PUBLISHING used to be the sole domain of newspapers, magazines and other professional word-sleuths.
Then the internet happened.
Now with facebook, twitter, instagram, blogs and numerous other online tools, everyone has their own publishing platform.
Anyone can be a writer.
But professional writer Natalie Dowling believes it is a professional skill that can't be mastered easily.
"A lot of people assume that they can write. Because the tools are available they don’t see that there are skills behind it," Ms Dowling said.
Ms Dowling has been in writing various jobs for years, mostly in Melbourne, but recently took a leap of faith to make a full-time business based out of her home in Kyneton.
Her business is called "Words on a Page".
“I was really keen to minimise travel and find a way to use my wordsmithing skills locally. The creative industries sector is really growing in the Macedon Ranges. It’s great to be a part of that and to work with members of my own community,” she said.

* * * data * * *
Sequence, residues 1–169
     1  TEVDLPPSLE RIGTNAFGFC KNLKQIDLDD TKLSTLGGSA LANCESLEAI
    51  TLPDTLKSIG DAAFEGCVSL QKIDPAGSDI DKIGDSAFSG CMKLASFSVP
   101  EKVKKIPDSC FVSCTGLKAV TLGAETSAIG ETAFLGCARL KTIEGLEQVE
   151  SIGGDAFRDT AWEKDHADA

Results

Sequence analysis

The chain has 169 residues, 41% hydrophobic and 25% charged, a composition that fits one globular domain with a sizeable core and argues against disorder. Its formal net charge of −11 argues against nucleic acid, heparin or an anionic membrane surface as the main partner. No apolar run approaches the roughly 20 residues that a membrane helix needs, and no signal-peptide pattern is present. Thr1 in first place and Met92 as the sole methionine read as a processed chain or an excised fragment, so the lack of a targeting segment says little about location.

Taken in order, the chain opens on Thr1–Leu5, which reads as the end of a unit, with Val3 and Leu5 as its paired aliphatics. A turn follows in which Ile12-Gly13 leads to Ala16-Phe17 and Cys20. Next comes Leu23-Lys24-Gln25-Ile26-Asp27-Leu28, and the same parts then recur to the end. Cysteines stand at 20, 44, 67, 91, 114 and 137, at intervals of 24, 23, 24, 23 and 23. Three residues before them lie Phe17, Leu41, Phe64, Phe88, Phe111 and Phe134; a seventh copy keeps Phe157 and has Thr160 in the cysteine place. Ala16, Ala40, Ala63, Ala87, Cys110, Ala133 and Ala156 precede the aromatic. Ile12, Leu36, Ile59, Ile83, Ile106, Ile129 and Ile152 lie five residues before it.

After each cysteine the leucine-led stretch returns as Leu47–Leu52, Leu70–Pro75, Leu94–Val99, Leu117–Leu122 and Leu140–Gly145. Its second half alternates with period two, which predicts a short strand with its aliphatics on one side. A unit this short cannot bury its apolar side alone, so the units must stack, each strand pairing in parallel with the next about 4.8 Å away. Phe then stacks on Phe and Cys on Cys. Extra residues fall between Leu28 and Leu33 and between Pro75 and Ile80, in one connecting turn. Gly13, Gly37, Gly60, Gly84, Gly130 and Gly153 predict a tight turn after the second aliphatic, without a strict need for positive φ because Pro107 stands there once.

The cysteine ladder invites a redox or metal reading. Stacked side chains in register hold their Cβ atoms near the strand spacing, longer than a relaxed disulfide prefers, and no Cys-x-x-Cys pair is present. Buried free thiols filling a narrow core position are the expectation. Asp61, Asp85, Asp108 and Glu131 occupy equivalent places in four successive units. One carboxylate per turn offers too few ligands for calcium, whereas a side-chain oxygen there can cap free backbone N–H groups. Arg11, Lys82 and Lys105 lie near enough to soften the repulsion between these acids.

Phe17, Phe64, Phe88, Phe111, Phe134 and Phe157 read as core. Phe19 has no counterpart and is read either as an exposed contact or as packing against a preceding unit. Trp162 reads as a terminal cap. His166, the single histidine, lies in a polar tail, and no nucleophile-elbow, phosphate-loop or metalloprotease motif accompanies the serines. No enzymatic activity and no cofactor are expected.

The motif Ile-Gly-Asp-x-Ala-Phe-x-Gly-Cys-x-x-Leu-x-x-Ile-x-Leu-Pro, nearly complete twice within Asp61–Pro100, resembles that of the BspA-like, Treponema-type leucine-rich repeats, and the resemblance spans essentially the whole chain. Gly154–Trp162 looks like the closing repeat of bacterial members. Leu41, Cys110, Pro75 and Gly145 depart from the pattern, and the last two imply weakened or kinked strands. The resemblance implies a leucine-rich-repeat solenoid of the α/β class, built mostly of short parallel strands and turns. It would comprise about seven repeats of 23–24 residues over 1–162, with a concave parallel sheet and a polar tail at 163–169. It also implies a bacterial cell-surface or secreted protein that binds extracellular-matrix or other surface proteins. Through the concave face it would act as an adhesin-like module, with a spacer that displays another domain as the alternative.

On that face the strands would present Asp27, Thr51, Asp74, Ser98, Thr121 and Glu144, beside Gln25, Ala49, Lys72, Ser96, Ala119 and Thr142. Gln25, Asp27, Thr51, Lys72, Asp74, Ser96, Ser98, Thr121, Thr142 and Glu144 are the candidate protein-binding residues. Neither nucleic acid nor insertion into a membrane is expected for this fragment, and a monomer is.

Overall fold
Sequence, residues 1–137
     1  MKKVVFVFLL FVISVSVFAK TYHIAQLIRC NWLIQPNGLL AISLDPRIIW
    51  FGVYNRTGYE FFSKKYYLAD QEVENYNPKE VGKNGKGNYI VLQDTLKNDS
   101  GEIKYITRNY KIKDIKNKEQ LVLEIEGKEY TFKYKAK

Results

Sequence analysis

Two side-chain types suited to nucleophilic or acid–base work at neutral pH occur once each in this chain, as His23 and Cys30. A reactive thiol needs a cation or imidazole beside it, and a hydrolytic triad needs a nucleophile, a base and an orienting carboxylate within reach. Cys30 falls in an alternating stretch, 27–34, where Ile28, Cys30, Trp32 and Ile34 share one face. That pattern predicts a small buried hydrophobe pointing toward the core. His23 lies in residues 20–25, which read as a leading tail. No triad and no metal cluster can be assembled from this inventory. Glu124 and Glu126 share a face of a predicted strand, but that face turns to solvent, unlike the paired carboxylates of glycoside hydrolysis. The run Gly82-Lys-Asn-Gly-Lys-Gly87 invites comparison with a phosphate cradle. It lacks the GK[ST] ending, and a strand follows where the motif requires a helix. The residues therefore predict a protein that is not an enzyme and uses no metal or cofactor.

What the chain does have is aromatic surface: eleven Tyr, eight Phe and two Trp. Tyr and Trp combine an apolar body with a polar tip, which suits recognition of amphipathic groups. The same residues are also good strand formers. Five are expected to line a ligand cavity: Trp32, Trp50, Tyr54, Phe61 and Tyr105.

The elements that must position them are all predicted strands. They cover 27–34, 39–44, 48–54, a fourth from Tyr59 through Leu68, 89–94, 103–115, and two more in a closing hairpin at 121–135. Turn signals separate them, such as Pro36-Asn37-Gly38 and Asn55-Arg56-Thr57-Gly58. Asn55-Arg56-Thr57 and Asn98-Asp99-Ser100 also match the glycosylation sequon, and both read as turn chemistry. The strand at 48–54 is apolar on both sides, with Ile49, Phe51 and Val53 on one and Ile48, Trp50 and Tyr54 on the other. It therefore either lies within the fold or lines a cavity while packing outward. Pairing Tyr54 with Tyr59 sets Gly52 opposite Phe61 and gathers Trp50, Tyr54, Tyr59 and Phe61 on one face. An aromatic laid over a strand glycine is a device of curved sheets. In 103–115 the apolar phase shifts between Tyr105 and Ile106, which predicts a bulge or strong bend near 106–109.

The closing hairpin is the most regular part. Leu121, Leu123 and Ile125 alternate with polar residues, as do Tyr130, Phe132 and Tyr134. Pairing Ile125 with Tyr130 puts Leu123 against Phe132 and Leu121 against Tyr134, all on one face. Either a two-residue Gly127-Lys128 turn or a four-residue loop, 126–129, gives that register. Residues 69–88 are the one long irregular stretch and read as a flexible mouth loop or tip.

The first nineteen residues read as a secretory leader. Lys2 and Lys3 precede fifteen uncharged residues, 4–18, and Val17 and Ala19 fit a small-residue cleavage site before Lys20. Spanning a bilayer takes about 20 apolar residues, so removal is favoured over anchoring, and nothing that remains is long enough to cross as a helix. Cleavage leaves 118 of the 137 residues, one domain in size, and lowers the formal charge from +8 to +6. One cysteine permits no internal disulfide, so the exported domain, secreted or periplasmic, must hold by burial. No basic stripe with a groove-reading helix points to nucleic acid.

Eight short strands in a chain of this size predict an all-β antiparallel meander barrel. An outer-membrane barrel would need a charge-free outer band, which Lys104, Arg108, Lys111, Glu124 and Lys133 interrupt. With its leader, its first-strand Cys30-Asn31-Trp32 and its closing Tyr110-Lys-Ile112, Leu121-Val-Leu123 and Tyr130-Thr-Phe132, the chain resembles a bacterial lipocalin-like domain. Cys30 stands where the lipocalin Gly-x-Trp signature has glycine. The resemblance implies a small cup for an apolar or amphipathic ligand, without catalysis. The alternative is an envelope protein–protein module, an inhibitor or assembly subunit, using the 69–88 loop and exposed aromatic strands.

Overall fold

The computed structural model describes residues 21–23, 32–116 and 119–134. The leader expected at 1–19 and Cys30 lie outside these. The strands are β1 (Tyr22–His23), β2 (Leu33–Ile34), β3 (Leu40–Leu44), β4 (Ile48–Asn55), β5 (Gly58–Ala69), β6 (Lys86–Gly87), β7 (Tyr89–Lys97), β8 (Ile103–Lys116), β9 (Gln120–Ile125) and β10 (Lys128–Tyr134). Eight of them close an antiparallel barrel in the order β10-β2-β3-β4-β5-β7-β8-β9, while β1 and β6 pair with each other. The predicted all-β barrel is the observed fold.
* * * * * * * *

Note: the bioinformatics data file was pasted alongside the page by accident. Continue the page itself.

Ms Dowling calls herself a "wordsmith" rather than the official term of "copy writer" because it drives home the idea of writing as a craft.
She said one of her business aims was to help people get the skills they needed to be effective communicators.
"More people have the opportunity to write and say things now, that’s the key opportunity. They might not be saying it in a articulate way, not saying it as well as it could be said."
She said it was a challenge these days to stand out in the crowd.
"Loud quick voices can stand out at one point. But will they withstand the impact test? Good writing will last a while."
Ms Dowling will hold a series of writing workshops in August.
“People can choose to develop what they need or want to build experience doing. It could be web copy, an article or a brochure. I’m expecting to help people to work on grant proposals. Maybe even wedding speeches.”